فرحت اللہ بابر نے کہا کہ عدالت حکومت سے معلوم کرے کہ خفیہ ایجنسیاں کس قانون کے تحت کام کرتی ہیں۔

    جسٹس جاوید نے انہیں مخاطب کرتے ہوئے کہا کہ جب سیاسی پارٹیاں جب اقتدار میں تھیں تو انہوں نے ان ایجنسیوں کو کنٹرول میں کرنے کے لئے کوئی قانون نہیں بنایا۔ ”اگر آپ نے اچھے قانون بنالیے ہوتے اور ایجنسیز کو کنٹرول کرلیا ہوتا تو آج یہ مشکل پیش نہ آتی۔،،

    ڈپٹی اٹارنی جنرل اور بریگیڈئر چیمہ نے تمام لاپتہ افراد کے بارے میں معلومات جمع کرنے کے لئے مہلت طلب کی جس پر عدالت نے آئندہ جمعہ 4 مئی تک سماعت ملتوی کردی۔

  • کراچی کے لاپتہ

    کراچی سے چند ماہ قبل لاپتہ ہونے اور پھر ڈنمارک کے سفارتخانے پر بم حملے سمیت دہشت گردی کی دوسری وارداتوں میں پولیس کی جانب سےگرفتار بتائے جانے والے افراد پر خصوصی رپورٹ۔

    آخری وقت اشاعت: Monday, 2 March, 2009, 17:47 GMT 22:47 PST
    http://www.bbc.co.uk/urdu/multimedia/2009/03/090302_karachi_missing_feb_04.shtml

  • میرا بھائی کہاں ہے؟

    دیوِیا تلوار
    بی بی سی ایشین نیٹورک

    آخری وقت اشاعت: Wednesday, 7 October, 2009, 09:45 GMT 14:45 PST

    ذہین خواجہ کے بھائی ڈاکٹر عابد شریف گزشتہ چار سال سے پاکستان میں لاپتہ ہیں۔

    انسانی حقوق کے کارکنوں کا کہنا ہے کہ پاکستان میں ہزاروں افراد لاپتہ ہیں جن میں متعدد برطانوی شہریوں کے رشتےدار بھی ہیں۔

    برطانیہ کے ویسٹ مڈلینڈ میں رہنے والی ذہین خواجہ کا کہنا ہے کہ ان کے بھائی ڈاکٹر عابد شریف گزشتہ چار سال سے پاکستان میں لاپتہ ہیں۔ان کا کہنا ہے کہ ڈاکٹر عابد کا حلیہ ایک ’باعمل مسلمان‘ کے جیسا ہے۔ ان کی لمبی داڑھی ہے اور وہ کھلے عام طالبان کی حمایت کرتے تھے۔

    ذہین کا کہنا ہے کہ انہیں نہیں معلوم کہ وہ کہاں ہیں۔

    ذہین خواجہ کے مطابق لاپتہ ہونے سے پہلے ان کے بھائی نے اپنی حاملہ بیوی سے کہا تھا کہ وہ اپنے ایک دوست سے ملنے پشاور جا رہے ہیں۔ڈاکٹر عابد جمعرات کو گئے تھے اور اتوار کو انہیں واپس راولپنڈی آنا تھا چار سال ہو گئے اور وہ آبھی تک واپس نہیں آئے۔

    پشاور میں پولیس نے ڈاکٹر شریف کے گھر والوں کو بتایا کہ انہیں سرکاری ایجنسی والے لے گئے ہیں لیکن اب تک ان کا کوئی پتہ نہیں ہے۔

    اگر ان لوگوں نے قانون کو توڑا ہے تو انہیں عدالت کے سامنے لایا جائے اور عدالت یہ فیصلہ کرے کے آیا وہ مجرم ہیں یا بےقصور
    انجم طاہر خیلی
    ذہین خواجہ کا کہنا ہے کہ انہیں کسی اور کے دھوکے میں پکڑا گیا ہے ’میرے خیال میں میرے بھائی کا دہشت گردی سے کوئی تعلق نہیں ہے‘۔

    انہوں نے مزید کہا کہ ’یہ درست ہے کہ ان کی ہمدردیاں طالبان کے ساتھ تھیں لیکن یہ کوئی جرم نہیں ہے‘۔

    انسانی حقوق کے کارکنوں کے اندازے کے مطابق سینکڑوں برطانوی کنبوں کے رشتے دار غائب ہیں۔خیال ہے کہ ان لوگوں کو سرکاری ایجنسیاں دہشت گرد سرگرمیوں میں ملوث ہونے کے شبہہ میں گرفتار کر لیتی ہیں۔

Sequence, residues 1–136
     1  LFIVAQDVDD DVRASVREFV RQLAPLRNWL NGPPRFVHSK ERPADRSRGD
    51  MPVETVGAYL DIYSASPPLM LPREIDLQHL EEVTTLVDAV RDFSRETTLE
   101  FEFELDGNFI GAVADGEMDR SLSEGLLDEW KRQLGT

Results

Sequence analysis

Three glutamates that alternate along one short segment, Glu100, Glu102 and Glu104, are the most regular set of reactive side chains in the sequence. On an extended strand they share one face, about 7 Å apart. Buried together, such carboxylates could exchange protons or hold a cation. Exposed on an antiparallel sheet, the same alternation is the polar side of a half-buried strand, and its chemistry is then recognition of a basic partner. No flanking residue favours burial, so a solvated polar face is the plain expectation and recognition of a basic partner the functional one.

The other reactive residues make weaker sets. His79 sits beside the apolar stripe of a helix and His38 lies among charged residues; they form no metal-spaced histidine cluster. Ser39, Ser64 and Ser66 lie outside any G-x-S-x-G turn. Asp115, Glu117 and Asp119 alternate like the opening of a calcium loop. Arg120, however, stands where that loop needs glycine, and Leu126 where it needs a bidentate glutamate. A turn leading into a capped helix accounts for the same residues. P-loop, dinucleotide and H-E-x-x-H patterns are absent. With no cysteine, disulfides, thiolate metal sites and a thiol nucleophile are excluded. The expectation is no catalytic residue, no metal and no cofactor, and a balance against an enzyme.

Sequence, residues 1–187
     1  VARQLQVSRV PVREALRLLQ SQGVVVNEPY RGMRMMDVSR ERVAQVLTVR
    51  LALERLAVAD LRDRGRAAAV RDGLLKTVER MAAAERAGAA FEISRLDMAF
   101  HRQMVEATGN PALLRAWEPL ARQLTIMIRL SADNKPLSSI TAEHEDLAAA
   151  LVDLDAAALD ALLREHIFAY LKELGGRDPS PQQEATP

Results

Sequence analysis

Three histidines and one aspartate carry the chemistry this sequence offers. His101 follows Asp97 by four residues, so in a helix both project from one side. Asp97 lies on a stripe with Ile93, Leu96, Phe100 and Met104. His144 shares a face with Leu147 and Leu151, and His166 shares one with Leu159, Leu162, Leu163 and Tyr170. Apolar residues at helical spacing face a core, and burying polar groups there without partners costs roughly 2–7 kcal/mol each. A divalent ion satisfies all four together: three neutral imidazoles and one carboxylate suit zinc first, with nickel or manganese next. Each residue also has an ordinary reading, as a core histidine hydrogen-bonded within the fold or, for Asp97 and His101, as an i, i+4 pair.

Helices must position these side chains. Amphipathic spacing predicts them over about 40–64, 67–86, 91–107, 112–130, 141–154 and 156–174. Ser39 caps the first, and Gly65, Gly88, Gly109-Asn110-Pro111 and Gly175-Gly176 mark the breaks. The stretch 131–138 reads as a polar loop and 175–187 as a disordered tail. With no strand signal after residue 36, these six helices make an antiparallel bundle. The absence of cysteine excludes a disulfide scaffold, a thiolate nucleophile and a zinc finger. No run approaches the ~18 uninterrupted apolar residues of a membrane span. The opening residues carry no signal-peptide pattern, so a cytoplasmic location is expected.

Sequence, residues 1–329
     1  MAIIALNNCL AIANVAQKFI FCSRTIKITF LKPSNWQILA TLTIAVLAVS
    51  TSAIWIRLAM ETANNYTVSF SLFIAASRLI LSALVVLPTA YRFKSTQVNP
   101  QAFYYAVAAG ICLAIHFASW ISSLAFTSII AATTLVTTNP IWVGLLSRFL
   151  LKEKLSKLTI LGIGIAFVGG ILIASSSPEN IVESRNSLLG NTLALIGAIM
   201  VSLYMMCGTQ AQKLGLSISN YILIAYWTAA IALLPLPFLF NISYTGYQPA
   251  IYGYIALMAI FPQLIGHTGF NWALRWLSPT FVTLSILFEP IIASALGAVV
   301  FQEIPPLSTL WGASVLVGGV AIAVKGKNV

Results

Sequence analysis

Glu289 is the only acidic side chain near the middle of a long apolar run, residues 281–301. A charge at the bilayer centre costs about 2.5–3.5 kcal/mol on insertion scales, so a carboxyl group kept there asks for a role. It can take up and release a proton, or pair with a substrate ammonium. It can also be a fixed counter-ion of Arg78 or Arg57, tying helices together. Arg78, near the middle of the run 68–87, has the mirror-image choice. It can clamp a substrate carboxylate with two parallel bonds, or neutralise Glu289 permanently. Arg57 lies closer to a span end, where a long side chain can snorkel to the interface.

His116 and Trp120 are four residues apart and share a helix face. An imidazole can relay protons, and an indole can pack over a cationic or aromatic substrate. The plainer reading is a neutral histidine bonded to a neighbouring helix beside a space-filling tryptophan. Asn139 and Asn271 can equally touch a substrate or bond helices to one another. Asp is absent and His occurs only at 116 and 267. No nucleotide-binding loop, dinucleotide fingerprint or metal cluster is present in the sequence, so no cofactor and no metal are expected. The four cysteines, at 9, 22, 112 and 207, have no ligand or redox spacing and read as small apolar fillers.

انسانی حقوق کی تنظیم برٹش ہیومن رائٹس برطانیہ میں ان خاندانوں کے لیے مہم چلاتی ہے جن کے رشتے دار پاکستان میں لاپتہ ہیں۔

    تنظیم کے سربراہ انجم طاہر خیلی کا کہنا ہے کہ لوگوں کا اس طرح غائب ہونا ’ظالمانہ عمل‘ ہے۔

    ان کا کہنا ہے کہ ’اگر ان لوگوں نے قانون کو توڑا ہے تو انہیں عدالت کے سامنے لایا جائے اور عدالت یہ فیصلہ کرے کے آیا وہ مجرم ہیں یا بےقصور‘۔

    انجم طاہر کا کہنا ہے کہ ان لاپتہ افراد کے رشتے داروں کو معلوم ہونا چاہئے کہ کس کو پکڑا گیا ہے اور کیوں۔

    ذہین خواجہ کا کہنا ہے کہ اگر ان کے بھائی قصوروار ہیں تو یہ فیصلہ عدالت کو کرنا چاہیے۔ان کا خیال ہے کہ حکومتِ پاکستان ایسے لوگوں کے رشتے داروں کے سوالوں کا جواب نہیں دے سکی اس لیے وہ امید کرتی ہیں کہ برطانیہ کی حکومت پاکستان میں انسانی حقوق کی خلاف ورزی کو روکنے میں مدد کرے۔
    http://www.bbc.co.uk/urdu/pakistan/2009/10/091007_missing_families_nj.shtml

  • Wouldn’t the meeting of CJ with a key US Figure jeopardize [or already jeopardized the case] and compromised the pending case.
    ISLAMABAD: Chief Justice Iftikhar Mohammad Chaudhry met visiting US envoy Richard Holbrooke in the Supreme Court building on FridayBy Matiullah Jan Saturday, 06 Jun, 2009 05:29 AM PST http://www.dawn.com/wps/wcm/connect/dawn-content-library/dawn/news/pakistan/13+cj+receives+holbrooke+calls+on+zardari-za-12

    کسے کسے امریکہ بھیجا گیا؟ عدلیہ نے فہرست مانگ لی
    آخری وقت اشاعت: جمعرات, 21 جنوری, 2010, 10:25 GMT 15:25 PST
    http://www.bbc.co.uk/urdu/pakistan/2010/01/100121_missing_case_sc_zs.shtml
    شہزاد ملک
    بی بی سی اردو ڈاٹ کام، اسلام آبا

    ایسا محسوس ہوتا ہے کہ خفیہ ادارے لاپتہ افراد سے متعلق جھوٹ بول رہے ہیں اور اس حوالے سے پولیس بھی ڈری ہوئی ہے
    جسٹس راجہ فیاض
    راولپنڈی سے لاپتہ ہونے والے مسعود جنجوعہ کی بازیابی سے متعلق اٹارنی جنرل نے ایک سرٹیفکیٹ عدالت میں پیش کیا جس میں کہا گیا ہے کہ مذکورہ شخص خفیہ ایجنسیوں کے پاس نہیں ہے۔ عدالت نے مسعود جنجوعہ کی عدم بازیابی سے متعلق مقدمے کی تفتیش مکمل نہ ہونے پر راولپنڈی پولیس کے ایس پی کامران عادل کی سرزنش کی اور کہا کہ مذکورہ شخص کی بازیابی کے لیے تمام ممکنہ وسائل بروئے کار لائے جائیں۔

  • Judicial commission on missing persons